Sadly today’s generation does not look toward their elderly, parents or grandparents in this way. The words burden, annoyance, disturbance and irritation are the “tags” labeled on these antique pieces. Paul tells Timothy in the last days, children will be disrespectful towards their parents, lovers of themselves, abusive, disobedient, ungrateful, without love, not lovers of good, rash and proud (2 Timothy 3:1-5). I read this list and we all can see how it finger points to our society and culture’s immediate gratification, self seeking, pleasure-only-please world.
I pray I have the ability to take care of all my parents. I pray when one may lose another I tag them, for I choose not to store up “stuff” where rust and moth destroy, but serve as Christ came to serve. I do understand the inability to care for a loved one with medical needs that only a hospital can administer. But if the “burden” of your parents, boils down to a heart issue and not a physical issue, then here lays the problem. My prayer for you is to put yourself in the place of the one alone, of course that requires an act of empathy many choose to ignore. I also pray that when I myself am of age to maybe lose my own spouse, my children will “tag” me instead of lifeless, “stuff” surrounding me.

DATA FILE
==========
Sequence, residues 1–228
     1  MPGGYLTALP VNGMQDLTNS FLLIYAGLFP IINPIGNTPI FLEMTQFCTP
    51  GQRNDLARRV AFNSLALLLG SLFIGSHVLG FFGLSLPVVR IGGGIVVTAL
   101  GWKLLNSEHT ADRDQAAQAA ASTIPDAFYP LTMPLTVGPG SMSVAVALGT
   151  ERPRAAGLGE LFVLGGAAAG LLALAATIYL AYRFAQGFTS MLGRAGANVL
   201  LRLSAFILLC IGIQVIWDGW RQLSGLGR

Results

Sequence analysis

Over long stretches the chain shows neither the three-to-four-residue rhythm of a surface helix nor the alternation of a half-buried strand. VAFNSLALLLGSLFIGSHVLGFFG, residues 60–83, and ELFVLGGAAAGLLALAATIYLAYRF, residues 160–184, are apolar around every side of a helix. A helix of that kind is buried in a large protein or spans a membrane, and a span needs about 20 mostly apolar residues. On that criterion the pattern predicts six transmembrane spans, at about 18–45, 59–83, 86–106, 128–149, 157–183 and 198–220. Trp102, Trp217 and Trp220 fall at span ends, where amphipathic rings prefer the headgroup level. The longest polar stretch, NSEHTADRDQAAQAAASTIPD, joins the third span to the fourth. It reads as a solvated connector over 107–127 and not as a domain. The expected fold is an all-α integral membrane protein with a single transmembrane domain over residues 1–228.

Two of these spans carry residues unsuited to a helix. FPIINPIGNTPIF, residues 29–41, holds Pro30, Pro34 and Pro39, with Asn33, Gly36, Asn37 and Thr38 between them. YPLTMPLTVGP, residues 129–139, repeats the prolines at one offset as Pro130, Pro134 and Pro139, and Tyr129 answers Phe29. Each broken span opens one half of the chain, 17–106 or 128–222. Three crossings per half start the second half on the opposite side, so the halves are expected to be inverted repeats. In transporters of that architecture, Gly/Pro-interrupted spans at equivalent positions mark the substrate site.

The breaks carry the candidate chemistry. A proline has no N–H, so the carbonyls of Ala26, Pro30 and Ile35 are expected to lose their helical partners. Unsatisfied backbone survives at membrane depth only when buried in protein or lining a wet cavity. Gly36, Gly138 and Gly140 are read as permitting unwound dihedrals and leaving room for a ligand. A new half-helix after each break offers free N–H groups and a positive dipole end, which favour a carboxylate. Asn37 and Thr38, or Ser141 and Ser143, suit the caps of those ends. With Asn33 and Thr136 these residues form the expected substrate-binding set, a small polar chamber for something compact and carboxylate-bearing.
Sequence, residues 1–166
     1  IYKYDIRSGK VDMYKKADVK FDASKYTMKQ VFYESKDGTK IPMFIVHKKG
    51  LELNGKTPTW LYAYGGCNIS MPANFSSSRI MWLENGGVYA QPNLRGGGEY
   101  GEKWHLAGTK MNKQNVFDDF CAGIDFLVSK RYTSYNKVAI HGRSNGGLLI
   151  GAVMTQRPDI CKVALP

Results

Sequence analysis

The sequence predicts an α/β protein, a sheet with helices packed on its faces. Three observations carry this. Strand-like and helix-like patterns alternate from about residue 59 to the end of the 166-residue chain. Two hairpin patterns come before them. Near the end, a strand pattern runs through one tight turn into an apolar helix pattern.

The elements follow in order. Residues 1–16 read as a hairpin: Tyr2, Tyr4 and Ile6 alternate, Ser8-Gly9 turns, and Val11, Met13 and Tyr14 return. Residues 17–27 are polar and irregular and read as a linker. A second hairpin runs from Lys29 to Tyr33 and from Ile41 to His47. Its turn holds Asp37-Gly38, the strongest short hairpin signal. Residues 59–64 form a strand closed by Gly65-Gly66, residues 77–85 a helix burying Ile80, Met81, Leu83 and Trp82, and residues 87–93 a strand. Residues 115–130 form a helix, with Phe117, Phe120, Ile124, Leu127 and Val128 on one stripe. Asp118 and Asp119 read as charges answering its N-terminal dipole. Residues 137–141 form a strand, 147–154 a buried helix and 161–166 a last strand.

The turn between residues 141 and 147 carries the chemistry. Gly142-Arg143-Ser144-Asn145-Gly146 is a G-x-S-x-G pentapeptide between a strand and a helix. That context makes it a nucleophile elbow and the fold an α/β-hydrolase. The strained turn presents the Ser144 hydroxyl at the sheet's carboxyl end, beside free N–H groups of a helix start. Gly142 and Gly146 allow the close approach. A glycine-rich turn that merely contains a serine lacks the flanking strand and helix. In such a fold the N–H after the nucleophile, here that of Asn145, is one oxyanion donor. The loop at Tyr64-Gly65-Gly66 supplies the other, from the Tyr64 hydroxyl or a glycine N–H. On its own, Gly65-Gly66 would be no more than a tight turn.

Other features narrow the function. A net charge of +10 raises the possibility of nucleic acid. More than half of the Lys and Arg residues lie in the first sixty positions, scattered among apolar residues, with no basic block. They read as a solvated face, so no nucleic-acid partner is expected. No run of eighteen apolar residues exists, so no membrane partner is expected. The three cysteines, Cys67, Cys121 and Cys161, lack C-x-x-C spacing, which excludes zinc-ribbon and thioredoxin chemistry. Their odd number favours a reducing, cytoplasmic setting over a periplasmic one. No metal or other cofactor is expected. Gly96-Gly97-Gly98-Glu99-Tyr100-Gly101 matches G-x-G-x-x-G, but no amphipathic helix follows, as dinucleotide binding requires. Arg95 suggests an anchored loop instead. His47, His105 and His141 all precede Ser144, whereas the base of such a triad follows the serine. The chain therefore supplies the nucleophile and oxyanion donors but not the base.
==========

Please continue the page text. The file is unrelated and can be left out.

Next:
Let us pray out loud and CONFESS the Word of the Living God; a prayer for our extended family
I want to know love as you. I desire to have a love for all of those you have place in my life and family. Help me to be generous, kind, thoughtful and caring to those in my family. I rebuke any ungratefulness, disobedience, un-forgiveness, or harsh treatment towards them for I do not want to be as the people Paul pointed his finger in the last days (2 Timothy 3:1-8). I desire to express all the fruits of the spirit: love, joy, peace, patience, kindness, goodness, faithfulness, gentleness and self-control (Galatians 5:22-23).